Some thousand people making New Years Resolutions agreed to share their experience with Professor Richard Wiseman of the University of Hertfordshire in England. Over half were confident at the beginning that they’d succeed. That tells you something already, no? Half weren’t confident from the outset. What percentage do you think made it through the year? I bet you’re not surprised that it was only twelve per cent. But here’s the amazing part – as I write this, on Monday, January 17th: over half had busted their resolutions within two weeks.
Maybe you’re thinking, “thanks for the upbeat news, man!” Or maybe, like me, you never put much stock in resolutions. So, here are two alternatives for those for whom resolutions don’t do much good.
Alternative 1: Follow the data on resolution-achievement. Of those who were successful, five variables stood out as enhancers: (1) break it into small pieces, (2) tell people about it, (3) reward yourself for small wins, (4) focus on and remind yourself of the benefits, and (5) journal or chart progress. I suspect that this is as true for teams in pursuit of goals as it is for individuals. My bias is to focus on (4): be very clear and specific about what the end result is – which will make it worth the sacrifices required. (Curious point: Wiseman found that women had a 10% better chance for success when they told others; men had a 22% better chance when they broke their goals down specifically. The success rate went up to about 50% when people pursued all five strategies.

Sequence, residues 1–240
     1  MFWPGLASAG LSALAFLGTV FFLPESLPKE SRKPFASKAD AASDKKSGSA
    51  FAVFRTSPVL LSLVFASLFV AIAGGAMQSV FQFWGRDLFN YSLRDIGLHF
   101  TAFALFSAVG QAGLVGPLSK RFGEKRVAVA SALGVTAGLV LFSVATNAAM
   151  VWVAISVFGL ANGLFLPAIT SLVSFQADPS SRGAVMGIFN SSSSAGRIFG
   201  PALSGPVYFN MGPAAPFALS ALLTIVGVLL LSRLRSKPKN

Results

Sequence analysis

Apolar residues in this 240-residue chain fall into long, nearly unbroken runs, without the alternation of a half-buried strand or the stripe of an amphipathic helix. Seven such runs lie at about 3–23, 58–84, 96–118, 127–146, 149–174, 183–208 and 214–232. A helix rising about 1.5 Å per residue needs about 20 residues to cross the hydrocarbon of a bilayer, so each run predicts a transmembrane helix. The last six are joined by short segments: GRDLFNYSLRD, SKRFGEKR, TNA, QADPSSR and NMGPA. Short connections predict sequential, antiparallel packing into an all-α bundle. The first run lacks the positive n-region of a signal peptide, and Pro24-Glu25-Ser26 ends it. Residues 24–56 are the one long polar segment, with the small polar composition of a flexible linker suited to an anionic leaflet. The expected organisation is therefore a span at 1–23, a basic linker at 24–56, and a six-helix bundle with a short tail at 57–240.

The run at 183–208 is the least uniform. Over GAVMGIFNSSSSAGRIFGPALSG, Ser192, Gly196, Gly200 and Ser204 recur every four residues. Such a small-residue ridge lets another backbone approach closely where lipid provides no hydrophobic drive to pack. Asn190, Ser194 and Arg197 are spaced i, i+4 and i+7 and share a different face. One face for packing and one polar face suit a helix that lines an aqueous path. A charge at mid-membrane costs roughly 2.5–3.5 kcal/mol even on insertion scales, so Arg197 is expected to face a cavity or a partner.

Alternative 2: Pursue daily strategies. Florine Mark knows about as much as anyone about weight loss, as she’s been the largest franchise owner of Weight Watchers. She rejects resolutions, telling me on my show that “they set you up for failure.” Florine’s system of course focuses on some of what Wiseman has described: the weigh-ins, points, and group involvement all relate to the factors he’s isolated. But Florine also has a remarkable practice that she’s described in her well-titled book, Talk to the Mirror.
Florine simply (?) tells herself every morning, “Florine, this is going to be a great day.” She talks to herself about what she wants to be like and to get done: e.g., to be forgiving, forgetting the negatives, contributing to community. If she’s feeling unbelieving, she’ll talk back to herself and continue the discussion until she’s ready to take on the world. What amazes me about Florine’s story is that she lived this practice in the two years that her husband was getting disabled by Lou Gehrig’s disease. She had all kinds of reason to feel self-piteous, slack off her practice, or otherwise fall short. But her daily practice sustained her and helped her give joy to her husband. With no recovery possible – no long-term achievable goal – her morning practice gave her strength, purpose, and yes, even joy.
If it feels too awkward to be talking in the mirror, why not write to yourself this morning. “My friend, this is going to be a great day. I expect to accomplish . . . I will bring . . . to those I meet.” As Florine and some brilliant philsophers and psychologists have clearly argued, we are what we think! Think those things that will allow you to
Lead with your best self!